Online delivery of government services is still a long way off, argues technology analyst Bill Thompson, so maybe we should be doing it ourselves.
I have just received a letter from the Inland Revenue, asking me to submit my tax return over the internet. They reckon it is easy, simple and, now that they have fixed the problems they had last year, secure.
Promised land of electronic government still far off
Unfortunately it is a bit late, as I sent the paper version of my return to them on 28 September so that they would calculate my tax bill for me.
It is rather disturbing that they did not actually realise that my return was already in, but I will assume that it is because they have got a lot of letters to open rather than that they have not managed to integrate their databases, or that my form got lost in the post.
But the letter was yet another example of how we have failed to reach the promised land of electronic government in which departments work together, offering seamlessly integrated web-based services to shiny happy citizens sitting at their gleaming computers and flat-screen displays.
The reality is a disparate collection of poorly-used services which often fail to meet people's real needs.
Despite the vast amounts of money that have been spent, and the undoubted technical skills and ability of many of the people working on them, few government websites seem to do what they are supposed to do - meet the needs of their users. And even those that do are hard to find and under-used.
Difficult to use
This is not just personal bias, although my own experience of using government sites has certainly not been positive.
The Society of IT Managers has just published Better Connected: Advice to citizens, a report into how well government sites meet the needs of people who use them for help and advice on housing, debt and health, and it seems to show that the situation is worse than even I thought.
Before writing the report, they carried out a survey in collaboration with Citizens Advice, the network of Citizens Advice Bureaux.
It looked at two aspects of government websites: how well they answer the sort of questions that people visiting Citizens Advice Bureaux ask most often, and how well the sites rated with Google when searches were made for relevant subjects, like disability benefit.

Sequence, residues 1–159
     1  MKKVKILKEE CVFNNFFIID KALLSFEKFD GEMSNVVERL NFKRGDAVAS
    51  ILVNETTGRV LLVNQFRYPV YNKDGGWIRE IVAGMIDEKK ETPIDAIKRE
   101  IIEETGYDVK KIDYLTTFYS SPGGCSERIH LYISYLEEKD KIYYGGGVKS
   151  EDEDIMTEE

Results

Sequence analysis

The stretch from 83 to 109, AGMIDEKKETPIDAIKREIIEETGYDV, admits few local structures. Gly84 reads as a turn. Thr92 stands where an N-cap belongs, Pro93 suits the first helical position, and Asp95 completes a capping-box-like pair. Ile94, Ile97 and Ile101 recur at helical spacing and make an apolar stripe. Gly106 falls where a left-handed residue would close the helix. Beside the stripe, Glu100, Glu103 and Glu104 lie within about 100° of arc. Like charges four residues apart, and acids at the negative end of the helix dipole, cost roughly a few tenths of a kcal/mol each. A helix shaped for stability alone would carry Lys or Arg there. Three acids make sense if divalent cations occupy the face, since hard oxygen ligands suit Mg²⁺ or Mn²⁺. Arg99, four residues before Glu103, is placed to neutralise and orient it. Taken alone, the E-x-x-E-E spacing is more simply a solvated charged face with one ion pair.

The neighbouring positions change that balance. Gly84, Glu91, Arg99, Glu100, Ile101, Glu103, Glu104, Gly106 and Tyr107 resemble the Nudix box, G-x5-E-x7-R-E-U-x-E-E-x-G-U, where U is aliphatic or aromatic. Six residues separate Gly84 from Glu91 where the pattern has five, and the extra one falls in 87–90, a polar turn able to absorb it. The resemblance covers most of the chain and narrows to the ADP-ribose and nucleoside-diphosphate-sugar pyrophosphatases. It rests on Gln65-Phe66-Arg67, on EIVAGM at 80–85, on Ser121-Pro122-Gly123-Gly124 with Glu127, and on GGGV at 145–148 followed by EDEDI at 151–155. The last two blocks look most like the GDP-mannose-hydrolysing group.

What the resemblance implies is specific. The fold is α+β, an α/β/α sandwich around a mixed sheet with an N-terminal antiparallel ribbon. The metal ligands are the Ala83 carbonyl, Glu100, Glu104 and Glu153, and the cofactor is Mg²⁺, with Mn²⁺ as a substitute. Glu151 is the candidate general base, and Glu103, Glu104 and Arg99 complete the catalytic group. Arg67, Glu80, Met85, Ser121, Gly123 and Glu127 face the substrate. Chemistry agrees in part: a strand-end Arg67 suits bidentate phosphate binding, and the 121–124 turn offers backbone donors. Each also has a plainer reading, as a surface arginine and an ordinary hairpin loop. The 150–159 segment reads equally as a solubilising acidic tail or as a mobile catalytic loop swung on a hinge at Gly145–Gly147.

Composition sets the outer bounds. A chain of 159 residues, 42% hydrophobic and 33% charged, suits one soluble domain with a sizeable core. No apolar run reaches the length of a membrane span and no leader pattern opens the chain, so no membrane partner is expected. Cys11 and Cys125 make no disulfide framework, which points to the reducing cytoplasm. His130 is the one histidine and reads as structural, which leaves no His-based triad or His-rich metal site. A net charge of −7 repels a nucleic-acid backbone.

They tested 10 central government sites, including the main portal, UKOnline, the Department for Work and Pensions and NHS Direct. They also investigated 16 local government sites.
The researchers found that although there is a lot of information on the sites, it is not well signposted, so that finding relevant help is made unnecessarily difficult.
Government sites often do not rate highly in Google, either, so that while a specific search for a term like income support will go to the right place (the Department of Work and Pensions), looking for debt advice might lead to a loan company or a news story about Third World debt.
The problem here seems not to be lack of funding for government sites, but the failure to realise that the information published by a ministry or a local authority has to be located within millions of other sites and billions of other documents.
Putting up a great website is worthless if nobody can find it, and government information online does not have the advantage of leaflet racks in post offices and council offices to bring it to people's attention.
Another problem identified in the report is the lack of any real sense that government sites are working together to coordinate their activity, index each other and generally provide the links and connections that would allow visitors to find their way around easily.
Perhaps the core of the problem is that government tends to think big - getting everyone online by 2005, making all services available electronically at the same time - but big projects are almost impossible to manage, often fail to achieve their core objectives and have such long timescales to delivery that the initial excitement has vanished by the time they arrive.
Realising this, the loose collection of e-democracy and e-government activists called VoxPolitics has launched a new project this week, aimed at finding smaller, deliverable projects which could transform the relationship between citizens and the state.
Time to take government in our own hands?
Called MySociety, it is the brainchild of Tom Steinberg, a friend of mine, but it is such an excellent idea that I had to write about it even if he had not been pestering me about it for weeks.
MySociety is a cross between an ideas generator and a funding body. They are asking people to put forward ideas for internet-based services or programs that could make a difference to how people engage with government or government services.
The inspiration comes from FaxYourMP, a small-scale, voluntary effort which lets anyone send a free fax to their MP.
At the moment they are looking for ideas, and have some startup funding so that they can demonstrate that it is a workable model.
They really want to do things which can start small but grow very large with little extra effort or money, reflecting the bottom-up approach which built GNU/Linux and other open source and free software, rather than the top-down big project approach that we see when central government gets involved.
It will be interesting to discover whether there are enough good ideas out there to make MySociety viable, but even if it only manages to persuade some of the project managers, site architects and e-government champions within central and local government to think differently about what they are doing, it will be worthwhile.
Because all the research so far indicates that the current approach to e-government is simply not working.
Bill Thompson is a regular commentator on the BBC World Service programme Go Digital.